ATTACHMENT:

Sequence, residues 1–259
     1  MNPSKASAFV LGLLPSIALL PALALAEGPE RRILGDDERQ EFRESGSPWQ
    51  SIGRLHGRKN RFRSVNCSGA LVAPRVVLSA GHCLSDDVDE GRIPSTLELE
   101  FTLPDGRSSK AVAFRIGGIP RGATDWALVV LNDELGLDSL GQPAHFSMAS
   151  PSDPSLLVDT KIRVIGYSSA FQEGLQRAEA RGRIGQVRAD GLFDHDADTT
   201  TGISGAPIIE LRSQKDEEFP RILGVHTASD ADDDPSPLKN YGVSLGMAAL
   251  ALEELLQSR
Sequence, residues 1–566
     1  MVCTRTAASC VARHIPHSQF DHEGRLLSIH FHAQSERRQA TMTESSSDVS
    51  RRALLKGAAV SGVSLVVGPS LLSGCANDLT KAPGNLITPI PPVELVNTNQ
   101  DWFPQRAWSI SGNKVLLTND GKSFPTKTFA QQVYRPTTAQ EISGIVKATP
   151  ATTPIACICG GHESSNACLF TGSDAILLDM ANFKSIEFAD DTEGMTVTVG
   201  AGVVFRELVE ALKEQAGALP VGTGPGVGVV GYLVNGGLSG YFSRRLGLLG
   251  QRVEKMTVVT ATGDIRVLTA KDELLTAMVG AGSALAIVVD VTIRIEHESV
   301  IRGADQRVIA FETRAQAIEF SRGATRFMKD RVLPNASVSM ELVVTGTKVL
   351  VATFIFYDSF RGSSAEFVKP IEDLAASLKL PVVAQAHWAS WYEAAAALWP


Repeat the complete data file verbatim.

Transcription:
Sequence, residues 1–259
     1  MNPSKASAFV LGLLPSIALL PALALAEGPE RRILGDDERQ EFRESGSPWQ
    51  SIGRLHGRKN RFRSVNCSGA LVAPRVVLSA GHCLSDDVDE GRIPSTLELE
   101  FTLPDGRSSK AVAFRIGGIP RGATDWALVV LNDELGLDSL GQPAHFSMAS
   151  PSDPSLLVDT KIRVIGYSSA FQEGLQRAEA RGRIGQVRAD GLFDHDADTT
   201  TGISGAPIIE LRSQKDEEFP RILGVHTASD ADDDPSPLKN YGVSLGMAAL
   251  ALEELLQSR
Sequence, residues 1–566
     1  MVCTRTAASC VARHIPHSQF DHEGRLLSIH FHAQSERRQA TMTESSSDVS
    51  RRALLKGAAV SGVSLVVGPS LLSGCANDLT KAPGNLITPI PPVELVNTNQ
   101  DWFPQRAWSI SGNKVLLTND GKSFPTKTFA QQVYRPTTAQ EISGIVKATP
   151  ATTPIACICG GHESSNACLF TGSDAILLDM ANFKSIEFAD DTEGMTVTVG
   201  AGVVFRELVE ALKEQAGALP VGTGPGVGVV GYLVNGGLSG YFSRRLGLLG
   251  QRVEKMTVVT ATGDIRVLTA KDELLTAMVG AGSALAIVVD VTIRIEHESV
   301  IRGADQRVIA FETRAQAIEF SRGATRFMKD RVLPNASVSM ELVVTGTKVL
   351  VATFIFYDSF RGSSAEFVKP IEDLAASLKL PVVAQAHWAS WYEAAAALWP